Why Apple’s iOS 13 and Catalina are so buggy

David Shayer for TidBITS:

iOS 13 and macOS 10.15 Catalina have been unusually buggy releases for Apple. The betas started out buggy at WWDC in June, which is not unexpected, but even after Apple removed some features from the final releases in September, more problems have forced the company to publish quick updates. Why? Based on my 18 years of experience working as an Apple software engineer, I have a few ideas.

• Overloaded Feature Lists Lead to Schedule Chicken
• Crash Reports Don’t Identify Non-Crashing Bugs
• Less-Important Bugs Are Triaged
• Regressions Get Fixed. Old Bugs Get Ignored.
• Automated Tests Are Used Sparingly
• Complexity Has Ballooned

In an unprecedented move, Apple announced iOS 13.1 before iOS 13.0 shipped, a rare admission of how serious the software quality problem is. Apple has immense resources, and the company’s engineers will tame this year’s problem.

In the short term, you can expect more bug fix updates on a more frequent schedule than in past years. Longer-term, I’m sure that the higher-ups at Apple are fully aware of the problem and are pondering how best to address it.

MacDailyNews Take: Hopefully, Apple can get a handle on it and, as the ecosystem simplifies by coming together (Mac Catalyst, SwiftUI) the complexity issue will be tamed!


    1. If you know ANYTHING about software development, it’s the new normal for everyone. There is no one seriously doing software development that is holding releases until they pass all tests.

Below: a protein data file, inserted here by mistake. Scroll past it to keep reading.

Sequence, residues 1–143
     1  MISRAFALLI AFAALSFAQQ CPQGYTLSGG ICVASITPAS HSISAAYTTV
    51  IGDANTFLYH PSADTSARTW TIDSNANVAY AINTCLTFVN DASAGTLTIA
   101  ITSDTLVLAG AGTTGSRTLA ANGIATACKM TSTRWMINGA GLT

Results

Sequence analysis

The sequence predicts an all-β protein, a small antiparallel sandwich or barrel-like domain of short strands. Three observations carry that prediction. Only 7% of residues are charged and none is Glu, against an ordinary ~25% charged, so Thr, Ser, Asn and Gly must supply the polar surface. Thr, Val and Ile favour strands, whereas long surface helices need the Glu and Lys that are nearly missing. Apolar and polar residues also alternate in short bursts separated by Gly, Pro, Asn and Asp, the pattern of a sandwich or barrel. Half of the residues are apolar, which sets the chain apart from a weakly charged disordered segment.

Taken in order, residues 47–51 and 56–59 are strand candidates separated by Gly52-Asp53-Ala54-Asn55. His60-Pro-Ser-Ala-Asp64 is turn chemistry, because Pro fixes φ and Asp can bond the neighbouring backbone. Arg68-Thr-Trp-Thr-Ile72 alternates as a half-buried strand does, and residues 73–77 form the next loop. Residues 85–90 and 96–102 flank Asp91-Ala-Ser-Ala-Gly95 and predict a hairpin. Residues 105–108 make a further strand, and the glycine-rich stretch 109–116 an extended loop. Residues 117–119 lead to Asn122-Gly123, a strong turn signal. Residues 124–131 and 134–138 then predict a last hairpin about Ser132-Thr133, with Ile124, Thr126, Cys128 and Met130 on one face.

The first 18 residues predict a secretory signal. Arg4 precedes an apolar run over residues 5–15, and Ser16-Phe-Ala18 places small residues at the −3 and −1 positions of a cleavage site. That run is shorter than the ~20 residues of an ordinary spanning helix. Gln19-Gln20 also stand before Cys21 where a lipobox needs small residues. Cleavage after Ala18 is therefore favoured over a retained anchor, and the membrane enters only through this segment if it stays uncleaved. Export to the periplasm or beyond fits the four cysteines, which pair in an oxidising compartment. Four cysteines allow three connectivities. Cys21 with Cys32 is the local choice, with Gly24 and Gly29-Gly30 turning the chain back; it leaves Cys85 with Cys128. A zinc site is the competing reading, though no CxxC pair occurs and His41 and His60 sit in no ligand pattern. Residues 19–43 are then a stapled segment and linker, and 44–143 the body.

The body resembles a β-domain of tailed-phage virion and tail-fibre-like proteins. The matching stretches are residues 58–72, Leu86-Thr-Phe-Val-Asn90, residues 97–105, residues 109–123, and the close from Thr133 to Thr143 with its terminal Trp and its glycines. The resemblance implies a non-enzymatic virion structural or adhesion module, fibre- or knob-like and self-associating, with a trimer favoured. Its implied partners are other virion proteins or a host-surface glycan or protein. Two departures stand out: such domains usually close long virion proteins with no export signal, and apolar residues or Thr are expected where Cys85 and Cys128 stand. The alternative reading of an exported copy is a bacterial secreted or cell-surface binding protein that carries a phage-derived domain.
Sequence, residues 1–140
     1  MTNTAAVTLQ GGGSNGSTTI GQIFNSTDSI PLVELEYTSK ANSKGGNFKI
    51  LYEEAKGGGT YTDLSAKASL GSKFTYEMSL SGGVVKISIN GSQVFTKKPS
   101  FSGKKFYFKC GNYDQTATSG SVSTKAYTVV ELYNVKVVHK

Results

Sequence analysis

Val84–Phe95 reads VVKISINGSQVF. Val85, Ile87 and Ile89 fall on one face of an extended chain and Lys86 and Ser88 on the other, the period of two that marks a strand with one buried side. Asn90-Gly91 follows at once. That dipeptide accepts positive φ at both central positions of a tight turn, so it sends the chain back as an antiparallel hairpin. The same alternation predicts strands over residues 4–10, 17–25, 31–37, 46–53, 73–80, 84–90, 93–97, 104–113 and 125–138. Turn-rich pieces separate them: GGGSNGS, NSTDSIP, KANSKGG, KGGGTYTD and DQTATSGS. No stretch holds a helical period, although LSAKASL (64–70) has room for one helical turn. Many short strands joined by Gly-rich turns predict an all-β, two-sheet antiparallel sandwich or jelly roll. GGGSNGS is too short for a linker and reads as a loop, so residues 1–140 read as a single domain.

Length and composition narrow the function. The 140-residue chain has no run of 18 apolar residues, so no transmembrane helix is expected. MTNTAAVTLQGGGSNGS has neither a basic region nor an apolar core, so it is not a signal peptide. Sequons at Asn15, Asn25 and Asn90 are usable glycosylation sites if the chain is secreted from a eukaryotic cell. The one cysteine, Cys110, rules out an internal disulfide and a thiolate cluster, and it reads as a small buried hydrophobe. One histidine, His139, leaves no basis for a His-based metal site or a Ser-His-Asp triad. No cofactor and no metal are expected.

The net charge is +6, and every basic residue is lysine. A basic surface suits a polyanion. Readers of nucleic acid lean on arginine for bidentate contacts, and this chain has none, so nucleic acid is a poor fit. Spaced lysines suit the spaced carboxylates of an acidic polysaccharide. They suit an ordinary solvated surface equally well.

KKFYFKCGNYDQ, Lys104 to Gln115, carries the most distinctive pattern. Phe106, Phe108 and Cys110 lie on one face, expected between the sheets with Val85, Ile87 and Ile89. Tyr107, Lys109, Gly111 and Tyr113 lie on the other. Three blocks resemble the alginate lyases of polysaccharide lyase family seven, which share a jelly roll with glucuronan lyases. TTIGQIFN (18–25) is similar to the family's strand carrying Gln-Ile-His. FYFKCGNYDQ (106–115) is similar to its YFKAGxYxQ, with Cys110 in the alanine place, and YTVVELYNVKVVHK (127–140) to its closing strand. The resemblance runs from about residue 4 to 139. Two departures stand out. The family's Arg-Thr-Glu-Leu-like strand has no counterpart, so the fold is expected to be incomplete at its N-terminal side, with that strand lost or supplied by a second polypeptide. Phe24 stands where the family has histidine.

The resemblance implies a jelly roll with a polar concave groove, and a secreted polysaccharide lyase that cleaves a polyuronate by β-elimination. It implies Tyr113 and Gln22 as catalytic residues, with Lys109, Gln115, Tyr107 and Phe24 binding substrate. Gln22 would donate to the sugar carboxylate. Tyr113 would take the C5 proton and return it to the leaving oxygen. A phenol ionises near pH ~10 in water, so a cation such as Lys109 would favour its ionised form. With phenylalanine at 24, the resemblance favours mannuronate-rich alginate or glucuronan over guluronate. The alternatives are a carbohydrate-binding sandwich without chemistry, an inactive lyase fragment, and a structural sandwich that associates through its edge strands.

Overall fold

1. Might it be that the software team have become short-staffed? Are a significant portion of them now working on software which will run Mac OS on Apple’s own A-series chips.

    Not a theory. Genuinely just a question.

    1. There is no shortage of Apple employees in the SJW wing. Why doesn’t a real leader place resources where it matters?

      Software quality is no longer head and shoulders above Windoze. At some point people here are going to have to admit that Cook is screwing up this core reason Apple ever became the premium choice. Now in many areas Apple is just another flavor.

    1. To be fair, I follow that general policy for major software releases from every vendor, apps as well as OSes. I will admit, however, that the increased complexity in Apple’s OS strategy has led to an increase in bugs in its initial releases.

    2. If you make a living on macOS, you don’t upgrade unless you NEED to… even after 3 months 🙂 And you upgrade the smart way, buy a separate system, set it up, keep your current system available in case you run into some world breaking bugs.

  2. Features created just because they can whether there is a functional need, change for the sake of change in order to look “sophisticated” its been a trend for several years now. My single biggest complaint is iOS apps that open in the “middle” of the app as opposed to a “home” page, violating the number 1 rule of software in that the customer is left asking the question: Where do I go next. It is so simple:

    “you had one job!”

  3. I know absolutely nothing about software development. All I do is buy and use mess, since my 1986 Mac Plus. And, I’ve never spent my money on anything but Apple mess. Since 1986, I’ve been waiting for something better. There is none. Well, for me iOS 13 has been a bit of a mess. Strange acting. I’m on 13.1.2, or is it .3, or .…whew. I keep going to Software Update a few times a day hoping for another update…

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